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Voyages: Kitsune Food Co

Voyages: Kitsune Food Co

Let’s be real – I love Japanese food, and I like it quick, so when Kitsune Food Co. opened its doors a few weeks ago, I knew I had to go.

Brought to you by Ami Goto (formerly of Dharma Sushi) and her partner Eric McIntyre, this new Izakaya-style gastropub on the corner of Agricola and Young will have you savouring every last bite. Although certain ingredients just can’t be sourced from Nova Scotia, the duo does their best to ensure that they are using local products as much as possible. The two long-time sushi chefs pour their hearts into every detail of every recipe in order to create a menu that is just as diverse as the community around them. This means vegetarian and gluten-free options, and making everything from scratch.


When they first opened, the two weren’t quite sure what to expect, but to their surprise they have consistently had to close up shop early due to everything being sold out. Despite the grab-and-go nature of this new joint, Kitsune has managed to draw in a steady stream of customers to sit down and enjoy the food and atmosphere. Here I am, sitting in front of Ami and Eric, ready to fill my stomach with what I have heard is some of the best Japanese food this city has ever seen.

It’s a cozy spot: black hexagonal tiles and rustic wood textures envelop the space. Behind the two seats at a marble counter top, garage doors frame the interior and a blackboard menu covers the back of the space. With a serious lack of Izakayas in Hali, the concept is pretty new to the city and this is a place that screams young, trendy, and hip. Speaking of noises, the sound of frying dumplings is the first thing I hear when I come in and I can feel my stomach starting to rumble already.


There are both pork and veggie dumplings on offer and Ami hooks me up with a few of each to start off my meal. In the pork recipe, the meat is marinated for 24 hours with all the ingredients. The veggie option comes with tofu, bok choy, green onion, ginger, sesame oil, salt, pepper, shitake mushrooms, tamari soy sauce, and garlic chives. All dumplings are served alongside a house-made gyoza sauce that consists of tamari, vinegar, mirin, lime, and yuzu. I take a bite of its crispy golden exterior and while the edges are firm, the rest of the wrapping is pleasantly chewy. The gyoza sauce has a playful kick of citrus that contrasts beautifully with the saltiness of the soy sauce.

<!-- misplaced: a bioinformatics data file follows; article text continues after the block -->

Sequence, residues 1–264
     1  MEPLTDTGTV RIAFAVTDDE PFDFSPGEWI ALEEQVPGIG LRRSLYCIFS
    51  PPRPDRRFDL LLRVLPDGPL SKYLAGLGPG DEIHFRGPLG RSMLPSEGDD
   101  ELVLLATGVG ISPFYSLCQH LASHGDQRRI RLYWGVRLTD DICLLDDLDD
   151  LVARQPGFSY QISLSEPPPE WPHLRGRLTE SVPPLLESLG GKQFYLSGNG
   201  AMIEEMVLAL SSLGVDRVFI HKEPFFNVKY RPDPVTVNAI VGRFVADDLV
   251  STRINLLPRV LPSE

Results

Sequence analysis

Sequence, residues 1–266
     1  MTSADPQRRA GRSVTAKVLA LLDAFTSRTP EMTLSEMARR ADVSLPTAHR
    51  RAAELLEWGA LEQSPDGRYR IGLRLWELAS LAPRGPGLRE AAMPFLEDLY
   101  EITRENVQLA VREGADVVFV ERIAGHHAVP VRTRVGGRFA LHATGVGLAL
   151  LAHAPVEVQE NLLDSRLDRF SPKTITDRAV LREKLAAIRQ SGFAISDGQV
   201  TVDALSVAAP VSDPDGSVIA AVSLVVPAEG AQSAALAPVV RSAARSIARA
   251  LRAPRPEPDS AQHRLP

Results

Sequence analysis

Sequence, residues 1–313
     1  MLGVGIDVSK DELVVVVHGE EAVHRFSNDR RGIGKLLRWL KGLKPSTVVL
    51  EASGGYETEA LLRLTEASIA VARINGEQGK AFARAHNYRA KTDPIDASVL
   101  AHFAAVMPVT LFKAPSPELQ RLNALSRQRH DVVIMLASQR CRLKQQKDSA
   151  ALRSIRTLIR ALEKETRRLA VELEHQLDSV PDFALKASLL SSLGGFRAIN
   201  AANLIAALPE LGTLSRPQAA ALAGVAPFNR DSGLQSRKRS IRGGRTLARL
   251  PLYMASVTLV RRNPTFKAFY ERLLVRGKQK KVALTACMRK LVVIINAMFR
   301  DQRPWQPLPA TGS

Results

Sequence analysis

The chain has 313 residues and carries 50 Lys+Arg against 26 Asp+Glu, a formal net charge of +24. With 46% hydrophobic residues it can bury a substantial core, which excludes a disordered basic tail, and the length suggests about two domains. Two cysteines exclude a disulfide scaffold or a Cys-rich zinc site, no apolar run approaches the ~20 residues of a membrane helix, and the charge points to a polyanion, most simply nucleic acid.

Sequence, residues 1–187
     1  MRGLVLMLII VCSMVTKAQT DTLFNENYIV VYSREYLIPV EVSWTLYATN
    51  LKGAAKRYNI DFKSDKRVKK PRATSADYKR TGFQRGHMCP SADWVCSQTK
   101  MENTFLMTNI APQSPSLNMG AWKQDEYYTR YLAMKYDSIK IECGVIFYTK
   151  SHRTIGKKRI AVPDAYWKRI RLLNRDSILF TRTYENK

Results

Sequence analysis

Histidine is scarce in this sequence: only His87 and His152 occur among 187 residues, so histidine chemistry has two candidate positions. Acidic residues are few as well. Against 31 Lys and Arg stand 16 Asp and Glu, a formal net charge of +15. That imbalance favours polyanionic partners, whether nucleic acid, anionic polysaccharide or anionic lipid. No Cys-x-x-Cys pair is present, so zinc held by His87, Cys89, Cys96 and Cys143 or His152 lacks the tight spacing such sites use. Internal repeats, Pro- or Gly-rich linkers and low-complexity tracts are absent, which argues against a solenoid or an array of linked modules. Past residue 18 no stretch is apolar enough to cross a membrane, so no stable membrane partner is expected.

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According to Ami, the Chicken Kara-aghe is one of the most popular dishes here, and for good reason. Looking at this plate of goodness, I already know that I’m in for a treat. The crispy batter, edible flowers, and microgreens create a landscape for both the eyes and the taste buds. After boneless chicken thighs are marinated for at least 24 hours in tamari gluten-free soy sauce, garlic, mirin, sake, and sesame oil, they are fried to perfection and served with house-made ponzu dip similar to the gyoza sauce but without the chili oil. On the whole, this is some seriously delicious chicken. The cornstarch used for the breading does a great job of sealing in all the juicy goodness that the chicken retains from the sweet and savoury marinade. On top of it all, a sprinkling of shiso leaves adds some interesting flavor and texture, and since they use boneless chicken thigh, it means that you get an unadulterated chicken munching experience.


The Dragon Roll is a grab bag of flavour consisting of deep-fried shrimp tempura, BBQ eel, and house-made spicy sauce (chili paste and kewpie mayonnaise) that comes wrapped in avocado and salmon. But wait, there’s more – the roll is finished off with a dusting of flying fish roe, micro greens, and a squirt of barbecue sauce. When this kaleidoscope of flavour spins in your mouth, it commands attention.


The Amaebi is a gluten-free option. Served nigiri style, this flavour bomb consists of a sushi rice patty topped with sweet shrimp and wrapped in a thin belt of seaweed to keep it all together in your mouth. To bring this dish to the next level, Ami also includes the head (yes, it’s edible), which is deep-fried in cornstarch batter. If you want an explosion of the shrimpiest flavor you have ever tasted, go straight for this – it will make you wonder why you’ve been eating shrimps the wrong way your entire life.

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Throughout my dining experience, I’ve had the pleasure of sipping on a Kirin Ichiban – one of Japan’s most acclaimed and best-selling beers since 1990. It’s an import beer that you won’t find at the NSLC, and while they do have Sapporo, I definitely recommend this drink for the occasion. It’s nice and light, and pairs famously with any type of sushi or sashimi.

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While the concept of takeout is for one to dip into a place, order food, and then go about the rest of their busy day, Kitsune Food Co really is a restaurant that you should take the time to enjoy. Order some food, savour the flavour, and enjoy the easy-going company of Ami and Eric for lunch or dinner – you will not regret it.



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